Chip development makes Moore's Law 'irrelevant' says HP

HP reckons that with developments going into chip functionality at an atomic level, reaching the end of Moore’s Law is “irrelevant”.

Discussing the future of nanoscale computing at a Kavli Foundation roundtable, HP Research Fellow Stan Williams, said that the importance lies in how information is stored and moved.

“People talk about reaching the end of Moore’s Law, but really, it’s irrelevant,” Williams said.

According to Williams, transistors are not a “rate-limiting factor” for today’s computers, and that improving transistors by “a factor of one thousand” would have no substantial impact on the modern computer.

“We can continue to improve data centres and computers at Moore’s Law rates – doubling performance every 18 months – for at least another 20 years without getting into something like quantum or neuronal computing,” Williams said.

While it is fun to think about computers that compute more like a brain, he says, it will be “20 years before any of that is actually needed” as there are so many other improvements that are needed first. 

HP also expects to have commercially available memristor based flash by the end of the year, though it could cannibalise its development partner Hynix’s own flash products.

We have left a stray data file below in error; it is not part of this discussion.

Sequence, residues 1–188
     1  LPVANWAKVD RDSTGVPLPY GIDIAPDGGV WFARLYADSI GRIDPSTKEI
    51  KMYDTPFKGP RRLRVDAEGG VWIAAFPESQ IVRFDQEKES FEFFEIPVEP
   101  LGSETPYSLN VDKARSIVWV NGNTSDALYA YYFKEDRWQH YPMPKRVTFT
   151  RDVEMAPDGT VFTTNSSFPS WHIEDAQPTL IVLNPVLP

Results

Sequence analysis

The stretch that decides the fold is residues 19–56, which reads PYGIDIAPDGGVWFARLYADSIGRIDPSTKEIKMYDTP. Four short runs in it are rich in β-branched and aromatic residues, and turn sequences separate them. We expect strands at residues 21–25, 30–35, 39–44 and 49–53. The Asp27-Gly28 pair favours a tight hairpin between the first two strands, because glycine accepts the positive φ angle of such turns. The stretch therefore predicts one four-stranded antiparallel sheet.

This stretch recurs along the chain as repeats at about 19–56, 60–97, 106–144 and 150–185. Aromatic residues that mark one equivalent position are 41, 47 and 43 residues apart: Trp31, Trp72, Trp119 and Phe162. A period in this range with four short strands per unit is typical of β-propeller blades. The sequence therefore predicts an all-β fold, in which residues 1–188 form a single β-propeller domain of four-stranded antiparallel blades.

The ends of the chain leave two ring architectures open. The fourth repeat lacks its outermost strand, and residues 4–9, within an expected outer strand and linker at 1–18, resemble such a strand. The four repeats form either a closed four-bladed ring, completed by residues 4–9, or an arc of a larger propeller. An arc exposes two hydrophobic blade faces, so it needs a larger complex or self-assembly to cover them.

According to Williams, HP’s drive to create a viable product based on memristor technology is almost coming to fruition.

Memristors, which can ‘remember’ previous current levels, have been theorised since 1971, with HP leading development of the technology.

Speaking as part of a Kavli Foundation roundtable discussion, Williams said the firm is nearing completion of memristor based flash devices.

“In terms of commercialization, we’ll have something technologically viable by the end of next year,” Williams said, pointing out that the economics, investment, and market readiness are more difficult to figure out than the science itself.

He says that this could cause some problems however for its development partner Hynix, meaning that timing is important from a supply and production point of view.

“Our partner, Hynix, is a major producer of flash memory, and memristors will cannibalise its existing business by replacing some flash memory with a different technology,” he said.

This means that the way the firm times the introduction of memristors turns out to be important, he says.

Williams points out that there is a lot more cash thrown at shaping the market than is ever spent on developing the technology in labs.

“Development costs at least 10 times as much as research, and commercialization costs 10 times as much as development,” he said.

He added: “So in the end, research — which we think is the most important part — is only 1 percent of the effort.”

He also pointed out that HP will not be making money directly from memristors, but will seek to “ensure there is a supply chain”.

“We’re not going to make money off these chips. We are going to make money by building cool systems utilizing these chips.”

“Hopefully, we’ll build cooler systems than other people because we’ve been thinking about this technology longer.”